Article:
into one stating a federal claim for purposes of the
well-pleaded complaint rule.’” Id.
(quoting Metropolitan Life Ins. Co. v. Taylor, 481
U.S. 58, 65-66, 107 S.Ct. 1542, 95 L.Ed.2d 55 (1987)).
to Defendant’s description of the Complaint as bringing
claims based on the terms of an ERISA plan, Plaintiff’s
Complaint, which alleges claims for quantum meruit, breach of
oral contract, and promissory estoppel, disclaims any
reliance on the ERISA plan’s terms. According to the
Complaint, Plaintiff “does not in any way, seek to
enforce the contractual rights of the Medical
Provider’s Patient, through the Patient’s
insurance contract, policies, certificates of coverage or
other written insurance agreements.” (Notice of
Removal, Ex. A, ¶ 7.) Instead, the Complaint’s
claims “are based upon the individual and proper rights
of [Plaintiff] in its own individual capacity and are not
derivative of the contractual or other rights of the Medical
Provider’s Patient.” (Id.) According to
Plaintiff, all “of the claims asserted in this
complaint arise out of the Medical Provider’s
interactions with Defendant . . . and are derived from the
representations and warranties made during those
conversations amongst those parties.”
(Id.) In support of these allegations, the Complaint
alleges details of a conversation between Defendant and
Plaintiff’s medical provider-assignor concerning the
terms of payment. ( Id. ¶¶ 1, 21-26.)
on the Complaint’s allegations, this case falls
squarely under Marin. In an attempt to avoid this conclusion,
Defendant urges the Court to rely on Montefiore Medical
Center. v. Teamsters Local 272, 642 F.3d 321 (2d Cir.
2011), a Second Circuit case applying Davila. However, the
Second Circuit’s interpretation of Davila is
“directly at odds” with the Ninth Circuit, and is
therefore unpersuasive authority for finding federal subject
matter jurisdiction based on ERISA preemption. See
John Muir Health v. Cement Masons Health & Welfare
Trust Fund for N. California, 69 F.Supp.3d 1010, 1019
(N.D. Cal. 2014) (“Because Montefiore’s holding
is directly at odds with the Ninth Circuit’s reasoning
in Marin General Hospital, the Court declines to follow the
Second Circuit’s determination that a providers
correspondence with a health plan, which is relied upon for
the provision of services, holds no legal
significance.”).1/ Numerous district courts to consider
factual allegations similar to those in the Complaint have
concluded that ERISA preemption is inapplicable.
See, e.g., id.; Healthcare Ally Mgmt.
of California, LLC v. U.S. Airways, Inc., No. CV 16-1411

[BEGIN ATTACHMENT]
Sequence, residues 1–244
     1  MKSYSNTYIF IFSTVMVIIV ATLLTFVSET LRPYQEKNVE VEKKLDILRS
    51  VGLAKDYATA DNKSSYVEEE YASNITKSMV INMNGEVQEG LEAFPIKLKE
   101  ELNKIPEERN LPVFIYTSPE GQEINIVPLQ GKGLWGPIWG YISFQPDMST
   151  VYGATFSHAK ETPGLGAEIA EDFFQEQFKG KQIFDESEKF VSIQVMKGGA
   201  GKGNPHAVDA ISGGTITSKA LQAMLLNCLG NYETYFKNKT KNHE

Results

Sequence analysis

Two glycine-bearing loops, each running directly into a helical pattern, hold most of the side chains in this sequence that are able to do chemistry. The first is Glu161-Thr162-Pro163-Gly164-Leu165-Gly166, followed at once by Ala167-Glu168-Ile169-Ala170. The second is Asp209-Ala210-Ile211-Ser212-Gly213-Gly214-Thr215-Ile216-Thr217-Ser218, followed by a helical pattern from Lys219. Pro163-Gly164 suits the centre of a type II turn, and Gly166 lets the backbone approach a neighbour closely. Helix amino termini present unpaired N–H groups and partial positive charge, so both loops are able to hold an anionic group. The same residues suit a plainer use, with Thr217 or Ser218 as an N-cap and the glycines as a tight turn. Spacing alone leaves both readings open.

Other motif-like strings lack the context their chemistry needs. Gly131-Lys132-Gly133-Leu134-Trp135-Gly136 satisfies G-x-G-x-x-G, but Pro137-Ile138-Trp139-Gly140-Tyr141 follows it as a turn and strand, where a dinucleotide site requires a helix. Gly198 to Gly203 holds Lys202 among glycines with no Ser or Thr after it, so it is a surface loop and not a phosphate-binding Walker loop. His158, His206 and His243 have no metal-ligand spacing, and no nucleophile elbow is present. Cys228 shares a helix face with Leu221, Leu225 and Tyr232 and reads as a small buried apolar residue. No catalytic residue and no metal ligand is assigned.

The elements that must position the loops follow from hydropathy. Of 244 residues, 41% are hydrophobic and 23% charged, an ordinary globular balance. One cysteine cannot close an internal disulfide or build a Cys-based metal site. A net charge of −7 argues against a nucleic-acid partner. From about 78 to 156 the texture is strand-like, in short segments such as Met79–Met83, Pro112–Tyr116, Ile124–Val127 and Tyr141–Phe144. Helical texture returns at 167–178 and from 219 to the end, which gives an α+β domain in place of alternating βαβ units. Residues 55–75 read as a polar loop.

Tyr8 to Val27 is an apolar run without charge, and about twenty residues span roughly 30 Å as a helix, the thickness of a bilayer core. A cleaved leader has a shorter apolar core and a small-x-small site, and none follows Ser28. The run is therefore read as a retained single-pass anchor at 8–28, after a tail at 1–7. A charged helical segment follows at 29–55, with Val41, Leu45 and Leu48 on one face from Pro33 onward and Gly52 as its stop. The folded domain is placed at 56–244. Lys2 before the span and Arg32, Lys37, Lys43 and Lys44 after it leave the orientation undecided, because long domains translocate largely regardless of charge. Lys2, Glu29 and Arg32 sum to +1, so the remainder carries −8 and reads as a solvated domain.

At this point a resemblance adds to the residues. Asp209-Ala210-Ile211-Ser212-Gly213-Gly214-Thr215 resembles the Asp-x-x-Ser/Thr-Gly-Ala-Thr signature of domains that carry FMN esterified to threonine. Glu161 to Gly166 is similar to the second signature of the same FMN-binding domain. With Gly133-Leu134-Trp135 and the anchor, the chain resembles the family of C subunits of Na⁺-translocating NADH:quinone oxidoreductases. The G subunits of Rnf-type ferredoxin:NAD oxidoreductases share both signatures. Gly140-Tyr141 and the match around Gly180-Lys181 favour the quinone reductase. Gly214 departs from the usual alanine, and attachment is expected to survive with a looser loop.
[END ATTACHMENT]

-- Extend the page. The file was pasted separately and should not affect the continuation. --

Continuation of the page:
PA (JCx), 2016 WL 1069944 (C.D. Cal. Mar. 17, 2016); Los
Angeles Sleep Studies Inst. v. Anthem Blue Cross Life
& Health Ins. Co., No. CV 14-3545 JAK (ASx), 2014 WL
5421044 (C.D. Cal. Oct. 23, 2014); Lodi Mem’l Hosp.
Ass’n, Inc. v. Am. Pac. Corp., No. CV 14-1865
JAM DAD, 2014 WL 5473540 (E.D. Cal. Oct. 20, 2014).
the Court concludes that Plaintiff’s claims are not
completely preempted by ERISA, and therefore this Court lacks
federal subject matter jurisdiction under 28 U.S.C. §
attempting to invoke this Court’s diversity
jurisdiction, Defendant must prove that there is complete
diversity of citizenship between the parties and that the
amount in controversy exceeds $75, 000. 28 U.S.C. §
1332. Although a plaintiff may not use a post-removal
stipulation to reduce its demand for damages as a means to
defeat diversity jurisdiction, St. Paul Mercury Indem.
Co. v. Red Cab Co., 303 U.S. 283, 293, 58 S.Ct. 586,
592, 82 L.Ed. 845 (1938), a plaintiff may clarify that
federal jurisdiction did not exist at the time of removal.
See 14AA Charles Alan Wright & Arthur R. Miller,
Federal Practice and Procedure § 3702.1, n. 15.50 (4th
ed.); see also Gillette v. Peerless Ins.
Co., No. CV 13-3161 DDP (RZx), 2013 WL 3983872, at *3-4
(C.D. Cal. July 31, 2013). In support of Defendant’s
contention that the Court possesses diversity jurisdiction
over this matter, the Notice of Removal alleges that
Plaintiff billed $82, 300 worth of services, but only
received $3, 008.54 in payments, leaving $79, 291.46 as the
amount in controversy. (Notice of Removal, ¶ 28.)
However, Plaintiff has clarified that its Complaint seeks
less than $75, 000 in damages. (Declaration of Jonathan A.
Steiglitz in Support of Plaintiff’s Request for a
Continuance, ¶¶ 5-6.) And, in its Reply, Plaintiff
reaffirms that the amount in controversy in this action is,
and always has been, less than $75, 000. (Reply, 7, n. 4.)
Response asserts that Plaintiff has made a post-removal
stipulation that limits, rather than clarifies, the recovery
sought in Plaintiff’s Complaint to below the
jurisdictional minimum. (Response, 10-11). However, the cases
relied on by Defendant concern situations where the removed
complaint included a demand for damages in excess of $75,
000, or the plaintiff filed a post-removal stipulation
limiting damages. See, e.g., Hill v. Hill
Love, 509 F. App’x 605 (9th Cir. 2013) (affirming
denial of motion to remand where the complaint sought damages
in excess of $100, 000); Burke Family Living Trust v.
Metro. Life Ins. Co., No. C09-5388 FDB, 2009 WL 2947196,
at *3 (W.D. Wash. Sept. 11, 2009) (same); Hargis v.
Access Capital Funding, LLC,674 F.3d 783, 789 (8th Cir.
2012) (post removal stipulation to reduce nationwide class
was insufficient to limit damages). Additionally, Defendant
asserts that the Complaint’s request for declaratory
relief represents an additional cost which must be considered
in determining the amount in controversy. See In re
Ford Motor Co., 264 F.3d 952, 958 (9th Cir. 2001). However,